Securities Act

United States Congress enacted the Securities Act of 1933, in the aftermath of the stock market crash of 1929 and during the ensuing Great Depression. Legislated pursuant to the interstate commerce clause of the Constitution, it requires that any offer or sale of securities using the means and instrumentalities of interstate commerce be registered with the SEC pursuant to the 1933 Act, unless an exemption from registration exists under the law. „Means and instrumentalities of interstate commerce“ is extremely broad, and it is virtually impossible to avoid the operation of this statute by attempting to offer or sell a security without using an „instrumentality“ of interstate commerce. Any use of a telephone, for example, or the mails, would probably be enough to subject the transaction to the statute.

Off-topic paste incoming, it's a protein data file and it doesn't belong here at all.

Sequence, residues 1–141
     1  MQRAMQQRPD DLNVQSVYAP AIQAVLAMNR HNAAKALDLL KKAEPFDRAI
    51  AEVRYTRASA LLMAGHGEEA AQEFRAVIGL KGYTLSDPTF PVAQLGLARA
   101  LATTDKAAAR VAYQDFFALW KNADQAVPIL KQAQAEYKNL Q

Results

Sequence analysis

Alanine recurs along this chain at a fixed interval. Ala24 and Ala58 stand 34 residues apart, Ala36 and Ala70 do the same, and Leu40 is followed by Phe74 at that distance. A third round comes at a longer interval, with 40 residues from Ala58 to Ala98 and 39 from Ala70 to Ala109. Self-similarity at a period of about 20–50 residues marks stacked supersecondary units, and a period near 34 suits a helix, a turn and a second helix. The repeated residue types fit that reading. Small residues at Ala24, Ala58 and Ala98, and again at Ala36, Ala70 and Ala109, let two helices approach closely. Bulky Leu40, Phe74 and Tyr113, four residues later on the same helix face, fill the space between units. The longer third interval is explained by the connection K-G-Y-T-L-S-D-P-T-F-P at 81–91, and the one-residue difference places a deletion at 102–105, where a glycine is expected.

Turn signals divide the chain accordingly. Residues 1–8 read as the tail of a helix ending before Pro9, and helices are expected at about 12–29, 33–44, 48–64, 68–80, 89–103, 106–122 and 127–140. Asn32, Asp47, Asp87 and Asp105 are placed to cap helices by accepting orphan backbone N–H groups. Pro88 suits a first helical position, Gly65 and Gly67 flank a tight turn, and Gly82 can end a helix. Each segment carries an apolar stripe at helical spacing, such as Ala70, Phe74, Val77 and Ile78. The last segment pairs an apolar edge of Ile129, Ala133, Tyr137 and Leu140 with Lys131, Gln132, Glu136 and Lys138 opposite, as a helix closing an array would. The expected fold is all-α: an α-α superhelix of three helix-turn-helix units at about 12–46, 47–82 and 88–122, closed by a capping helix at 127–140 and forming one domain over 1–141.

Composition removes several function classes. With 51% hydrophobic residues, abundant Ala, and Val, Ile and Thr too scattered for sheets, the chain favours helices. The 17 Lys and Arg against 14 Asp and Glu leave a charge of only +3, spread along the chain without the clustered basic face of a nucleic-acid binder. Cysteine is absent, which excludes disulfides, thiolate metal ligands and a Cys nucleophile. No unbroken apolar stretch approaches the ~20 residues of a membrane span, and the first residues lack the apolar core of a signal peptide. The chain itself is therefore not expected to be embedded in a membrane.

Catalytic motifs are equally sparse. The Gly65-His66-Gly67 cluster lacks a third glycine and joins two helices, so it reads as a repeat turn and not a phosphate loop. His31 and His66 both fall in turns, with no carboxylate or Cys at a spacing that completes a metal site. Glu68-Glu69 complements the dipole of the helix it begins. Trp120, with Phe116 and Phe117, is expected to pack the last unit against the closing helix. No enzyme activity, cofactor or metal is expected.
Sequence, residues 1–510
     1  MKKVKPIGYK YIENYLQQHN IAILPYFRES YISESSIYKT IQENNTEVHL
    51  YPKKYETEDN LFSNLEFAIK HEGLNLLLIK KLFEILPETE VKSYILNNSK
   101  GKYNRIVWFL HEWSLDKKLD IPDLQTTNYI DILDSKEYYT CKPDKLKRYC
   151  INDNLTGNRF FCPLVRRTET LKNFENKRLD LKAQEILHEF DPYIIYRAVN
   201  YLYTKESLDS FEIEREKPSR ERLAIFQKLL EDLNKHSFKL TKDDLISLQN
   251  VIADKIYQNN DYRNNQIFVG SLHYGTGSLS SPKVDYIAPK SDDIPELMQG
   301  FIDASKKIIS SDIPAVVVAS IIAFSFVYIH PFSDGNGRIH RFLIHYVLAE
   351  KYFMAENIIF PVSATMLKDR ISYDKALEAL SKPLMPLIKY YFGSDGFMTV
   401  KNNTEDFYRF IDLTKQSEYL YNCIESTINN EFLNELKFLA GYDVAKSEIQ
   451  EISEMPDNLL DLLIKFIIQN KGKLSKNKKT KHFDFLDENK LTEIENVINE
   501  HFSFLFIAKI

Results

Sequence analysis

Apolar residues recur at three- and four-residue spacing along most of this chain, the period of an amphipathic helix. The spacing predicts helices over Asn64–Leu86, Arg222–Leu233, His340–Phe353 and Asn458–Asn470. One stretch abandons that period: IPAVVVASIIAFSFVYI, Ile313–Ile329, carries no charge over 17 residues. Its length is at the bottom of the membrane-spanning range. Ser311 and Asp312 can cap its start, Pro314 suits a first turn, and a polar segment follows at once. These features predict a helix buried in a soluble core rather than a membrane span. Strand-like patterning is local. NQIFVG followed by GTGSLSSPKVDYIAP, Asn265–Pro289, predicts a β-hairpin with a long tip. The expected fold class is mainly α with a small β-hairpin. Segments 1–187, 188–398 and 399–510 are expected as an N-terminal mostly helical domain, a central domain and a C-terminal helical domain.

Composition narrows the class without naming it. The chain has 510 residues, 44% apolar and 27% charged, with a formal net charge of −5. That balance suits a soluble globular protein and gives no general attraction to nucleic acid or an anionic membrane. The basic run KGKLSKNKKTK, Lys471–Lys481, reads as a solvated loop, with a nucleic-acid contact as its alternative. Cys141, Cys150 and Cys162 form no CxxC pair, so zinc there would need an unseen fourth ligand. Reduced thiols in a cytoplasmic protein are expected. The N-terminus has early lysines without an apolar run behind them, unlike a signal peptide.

The 1933 Act was the first major federal legislation to regulate the offer and sale of securities. Prior to the Act, regulation of securities was chiefly governed by state laws, commonly referred to as blue sky laws. When Congress enacted the 1933 Act, it left existing state securities laws in place.

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